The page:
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Wooty 04-11-2009 04:01 PM

Skate Question
 
How do you know when your skates are worn out and it is time to replace them? I do mean by feel. Obviously you can see skates that are broken and are physically damaged.

I know as a runner, when the road starts getting harder, I am loosing cushioning and need new running shoes. How do you tell with ice hockey skates?

cptjeff 04-11-2009 04:15 PM

When they start getting soft is the big thing people replace them for, the boot will break down and it won't be as stiff, and you won't get as much energy transfer out of it.

You could also wear out the outsole, happens on some skates. It starts sagging and softening like the boot.

You can also get padding breaking down, and that can affect the feel of the boot and the support it gives to your ankle.

I should also mention that composite skates help with the problems of outsoles and boots softening. You will have issues with the foam and the skate breaking over time still though.

NigelSPNKr 04-11-2009 05:08 PM

Quote:

Originally Posted by cptjeff (Post 18997186)
When they start getting soft is the big thing people replace them for, the boot will break down and it won't be as stiff, and you won't get as much energy transfer out of it.

You could also wear out the outsole, happens on some skates. It starts sagging and softening like the boot.

You can also get padding breaking down, and that can affect the feel of the boot and the support it gives to your ankle.

I should also mention that composite skates help with the problems of outsoles and boots softening. You will have issues with the foam and the skate breaking over time still though.


^^ pretty much summed it up. Good post ^^

Wooty 04-11-2009 05:23 PM

Thanks for the reply(ies)

I have lost about 70 pounds of weight and have really struggled getting my stride, balance and power back. It is hard to tell when your physical abilities have diminished and when your equipment is letting you down.

My backward skating is atrocious now and my speed is much lower then it used t be.

ClicheGuevara 04-12-2009 12:37 AM

IMO, it's 90% in the heel. If your heel no longer locks into place the skate is done.

stick9 04-13-2009 08:08 AM

Quote:

Originally Posted by pkd88 (Post 18999012)
Thanks for the reply(ies)

I have lost about 70 pounds of weight and have really struggled getting my stride, balance and power back. It is hard to tell when your physical abilities have diminished and when your equipment is letting you down.

My backward skating is atrocious now and my speed is much lower then it used t be.

It doesn't sound like your skates are what's messing things up. You lost a hefty amount of weight. It's no doubt changed your balance and flexibility. That's going to effect your stride, which in turn effect all aspects of your skating.

In time you will adjust to your new weight. So give it a little bit before heading the shop for new skates.

EmptyNetter 04-13-2009 10:07 AM

Quote:

Originally Posted by stick9 (Post 19030696)
It doesn't sound like your skates are what's messing things up. You lost a hefty amount of weight. It's no doubt changed your balance and flexibility. That's going to effect your stride, which in turn effect all aspects of your skating.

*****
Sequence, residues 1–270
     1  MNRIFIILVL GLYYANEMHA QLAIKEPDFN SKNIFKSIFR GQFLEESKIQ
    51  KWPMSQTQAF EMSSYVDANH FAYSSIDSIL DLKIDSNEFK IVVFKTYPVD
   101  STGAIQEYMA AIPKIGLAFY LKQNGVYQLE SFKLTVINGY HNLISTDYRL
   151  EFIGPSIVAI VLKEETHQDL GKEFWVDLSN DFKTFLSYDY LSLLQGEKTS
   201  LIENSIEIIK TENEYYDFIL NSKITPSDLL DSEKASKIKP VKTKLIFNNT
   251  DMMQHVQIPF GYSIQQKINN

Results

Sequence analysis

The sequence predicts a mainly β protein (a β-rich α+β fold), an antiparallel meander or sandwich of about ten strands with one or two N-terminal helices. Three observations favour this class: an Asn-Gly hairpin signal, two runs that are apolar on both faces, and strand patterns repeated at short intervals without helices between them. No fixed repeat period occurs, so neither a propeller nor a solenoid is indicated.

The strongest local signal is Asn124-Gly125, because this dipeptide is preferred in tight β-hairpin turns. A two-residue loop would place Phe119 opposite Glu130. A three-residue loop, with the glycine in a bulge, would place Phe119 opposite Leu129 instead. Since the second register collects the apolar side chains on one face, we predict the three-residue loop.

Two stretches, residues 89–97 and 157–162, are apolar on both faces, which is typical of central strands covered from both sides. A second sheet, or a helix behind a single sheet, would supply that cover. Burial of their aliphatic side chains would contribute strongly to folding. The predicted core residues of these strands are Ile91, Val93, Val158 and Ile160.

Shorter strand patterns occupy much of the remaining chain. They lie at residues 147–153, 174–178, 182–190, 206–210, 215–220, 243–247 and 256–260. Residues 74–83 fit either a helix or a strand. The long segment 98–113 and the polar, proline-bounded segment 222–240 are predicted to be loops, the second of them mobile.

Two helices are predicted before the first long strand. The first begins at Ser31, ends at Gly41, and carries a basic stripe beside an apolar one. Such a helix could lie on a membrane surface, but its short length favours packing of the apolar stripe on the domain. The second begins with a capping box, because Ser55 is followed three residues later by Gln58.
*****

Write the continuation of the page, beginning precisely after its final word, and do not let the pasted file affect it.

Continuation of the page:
In time you will adjust to your new weight. So give it a little bit before heading the shop for new skates.

This. Unless you're dying to buy new skates anyway see if there's another reason for your dip in performance. I wouldn't expect a sudden loss of quickness and balance if your skates are on their way out -- it takes a long time for them to wear down so the decline would be more gradual and less noticeable.

Congratulations for dropping 70lbs, that's quite an achievement. I find it odd that you lost all that weight and feel slower, though -- you should be tearing around the ice without the extra weight to slow you down. I think you may have lost some muscle mass in the process. If that's the case please be careful and pace yourself -- your cardio and your endurance may not be the same as before. If your stride isn't as explosive as before you may need to build back up to that. Only thing skate related I can think of is you might experiment with a deeper hollow. If you're lighter your blade might not "dig" into the ice as deeply so you'd have less traction and it would compromise your pushoff. Here I'm just speculating because I've never been skinny. ;)

stick9 04-13-2009 11:25 AM

Quote:

Only thing skate related I can think of is you might experiment with a deeper hollow. If you're lighter your blade might not "dig" into the ice as deeply so you'd have less traction and it would compromise your pushoff.
Good call.

Wooty 04-13-2009 01:12 PM

Good points.

I am skating on very old vapor 8's, it is time for an update anyway. I do have a harder time getting comfortable in my existing skates, it seems the lacing and ankle lock is constantly changing on me.

I do feel weaker in my skating but I am also a year older and have been doing medium distance running. My fast muscles seem to have left me.


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